Episode 262  on April 30, 2018Behind the Screens

Behind the Screens with Jeffrey McGuire

Jeffrey A. "Jam" McGuire describes how he's blending open source with business in his new company, the history of the DrupalCon Prenote, why he's keynoting a Joomla conference, and French horns.

Transcript

Chris:
In this episode, we're going behind the screens with The Mustachioed Maestro of the Drupal Prenote — I've been waiting to say that for so long.
Jam:
Have you been practicing that?
Chris:
A little bit. Jeffrey McGuire, otherwise known to the community as 'Jam.'
Jam:
Yep. Somebody tried to back port my initials to be 'just another mustache', but I don't know how I feel about that.
Chris:
So, what are you up to these days?
Jam:
I have founded a company called Open Strategy Partners, and we're building on my dozen or more years in open-source, and my ideas about communication combined with the MBA and enterprise and startup experience of my business partner, to help technology organizations. So, we have a focus on open-source touched operations, whether that's an agency or a multi-national, or an open-source product company. We like that, and we help them with strategy marketing communications.
Chris:
So, that's not Drupal specific? It's open-source of any realm.
Jam:
Right, so the thing that I've been thinking about really hard and working away at for the last, let's see, I'd say it's seven or eight years, is this intersection between open-source thinking and practice, this upside down, backwards land economy where the more you give your ideas away, the more value you get from other people. And, this whole don't compete in IT idea, and all of these ideas. The intersection of open-source thinking and practice with business value, and I ended up, in my job at Acquia, doing a lot of translating between technology and business, and helping geeks get connected to the value that they deliver to the customer, not just coding standards and build the interface the right way to [grunt], but you're connected to a value delivery chain that is enabling a client to make the world a better place, for example.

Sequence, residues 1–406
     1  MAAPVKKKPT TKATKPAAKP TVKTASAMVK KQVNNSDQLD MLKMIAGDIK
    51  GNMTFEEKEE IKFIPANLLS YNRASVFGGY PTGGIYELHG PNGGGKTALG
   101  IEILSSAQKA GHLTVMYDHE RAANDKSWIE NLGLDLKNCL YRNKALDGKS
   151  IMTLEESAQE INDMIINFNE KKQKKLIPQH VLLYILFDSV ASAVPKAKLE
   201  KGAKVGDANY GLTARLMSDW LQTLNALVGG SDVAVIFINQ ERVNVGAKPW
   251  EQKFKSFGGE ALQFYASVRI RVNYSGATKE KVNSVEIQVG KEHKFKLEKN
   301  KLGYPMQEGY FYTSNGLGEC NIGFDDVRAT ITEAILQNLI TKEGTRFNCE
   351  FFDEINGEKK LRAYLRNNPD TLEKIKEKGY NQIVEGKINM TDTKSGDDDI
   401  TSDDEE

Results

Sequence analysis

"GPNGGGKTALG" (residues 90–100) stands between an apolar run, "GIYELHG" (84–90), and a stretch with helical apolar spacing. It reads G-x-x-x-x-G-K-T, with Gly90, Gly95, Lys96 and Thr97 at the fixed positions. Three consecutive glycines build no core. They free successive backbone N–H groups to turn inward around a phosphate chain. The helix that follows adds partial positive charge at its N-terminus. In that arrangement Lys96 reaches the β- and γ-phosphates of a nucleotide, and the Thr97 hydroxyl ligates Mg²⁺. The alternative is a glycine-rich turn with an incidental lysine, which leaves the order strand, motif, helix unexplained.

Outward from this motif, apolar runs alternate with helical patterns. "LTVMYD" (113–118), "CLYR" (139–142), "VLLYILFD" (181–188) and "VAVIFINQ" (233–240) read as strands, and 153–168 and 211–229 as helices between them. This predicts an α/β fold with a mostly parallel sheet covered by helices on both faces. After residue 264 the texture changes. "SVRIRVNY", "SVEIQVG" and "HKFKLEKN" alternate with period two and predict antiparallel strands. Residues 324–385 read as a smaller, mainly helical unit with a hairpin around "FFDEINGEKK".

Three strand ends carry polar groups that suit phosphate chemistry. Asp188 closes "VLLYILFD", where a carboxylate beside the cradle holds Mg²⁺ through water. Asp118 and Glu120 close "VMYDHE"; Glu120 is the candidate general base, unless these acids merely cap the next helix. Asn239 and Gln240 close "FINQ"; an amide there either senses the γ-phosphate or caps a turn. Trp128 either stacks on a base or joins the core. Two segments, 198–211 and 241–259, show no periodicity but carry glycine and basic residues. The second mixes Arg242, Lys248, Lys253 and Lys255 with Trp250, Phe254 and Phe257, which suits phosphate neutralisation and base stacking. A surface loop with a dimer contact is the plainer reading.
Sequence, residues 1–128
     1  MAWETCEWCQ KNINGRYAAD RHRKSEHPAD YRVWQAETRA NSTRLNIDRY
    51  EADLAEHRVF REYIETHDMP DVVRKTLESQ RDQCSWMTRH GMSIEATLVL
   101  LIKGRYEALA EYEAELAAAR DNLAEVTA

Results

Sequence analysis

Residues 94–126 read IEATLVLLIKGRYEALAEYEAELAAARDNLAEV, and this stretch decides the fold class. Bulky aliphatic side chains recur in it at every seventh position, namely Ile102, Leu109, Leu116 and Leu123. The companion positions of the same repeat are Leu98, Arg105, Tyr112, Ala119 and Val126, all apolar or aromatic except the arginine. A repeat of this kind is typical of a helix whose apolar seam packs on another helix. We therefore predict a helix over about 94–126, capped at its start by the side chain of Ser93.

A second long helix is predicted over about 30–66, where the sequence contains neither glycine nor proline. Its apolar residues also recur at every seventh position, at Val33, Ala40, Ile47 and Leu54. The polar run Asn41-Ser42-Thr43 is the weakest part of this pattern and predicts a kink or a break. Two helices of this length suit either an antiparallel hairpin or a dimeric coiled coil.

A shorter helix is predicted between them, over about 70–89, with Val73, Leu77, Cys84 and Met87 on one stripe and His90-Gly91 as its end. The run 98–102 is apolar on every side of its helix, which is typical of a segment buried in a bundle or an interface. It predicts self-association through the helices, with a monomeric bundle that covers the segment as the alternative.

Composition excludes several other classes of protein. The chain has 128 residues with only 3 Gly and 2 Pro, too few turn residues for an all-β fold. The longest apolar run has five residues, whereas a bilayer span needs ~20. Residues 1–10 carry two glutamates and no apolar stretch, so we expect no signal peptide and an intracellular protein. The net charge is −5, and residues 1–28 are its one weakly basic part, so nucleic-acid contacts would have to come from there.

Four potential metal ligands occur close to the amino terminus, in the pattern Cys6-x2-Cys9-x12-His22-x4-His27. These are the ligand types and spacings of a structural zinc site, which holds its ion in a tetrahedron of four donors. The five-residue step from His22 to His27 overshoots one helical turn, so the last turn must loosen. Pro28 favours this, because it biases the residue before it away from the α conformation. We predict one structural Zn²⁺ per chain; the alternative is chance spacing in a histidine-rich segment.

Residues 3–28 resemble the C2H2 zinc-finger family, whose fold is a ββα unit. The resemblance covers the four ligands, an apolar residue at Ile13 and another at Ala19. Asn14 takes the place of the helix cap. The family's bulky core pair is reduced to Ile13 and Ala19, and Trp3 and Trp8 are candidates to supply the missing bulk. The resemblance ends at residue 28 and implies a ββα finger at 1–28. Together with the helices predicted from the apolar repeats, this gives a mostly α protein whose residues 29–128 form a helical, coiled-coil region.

That's a really exciting story. And, when you put the whole chain together, you feel much more than just a hacker coder person. And by the same token, connecting, helping the business people understand this counterintuitive stuff around open-source, and why they should share, and why they get more out of their investment if they do it the right way, and why you need to participate in this stuff.
So, sitting in the middle of that for a long time has really, really fascinated me.
Chris:
Tell me about a challenge you've had recently about sharing your IP, or something of that nature.
Jam:
Right. The weird nature of open-source business, right? So, I am helping ddev promote their 'Dev to Deploy' tooling platform. So, for me it's super cool 'cause it's open-source tooling. You can take it, you can use it, you can do whatever you want with it. But you can also buy support, use their hosting, and so, it's a business model plus an open-source model together. Really, really exciting.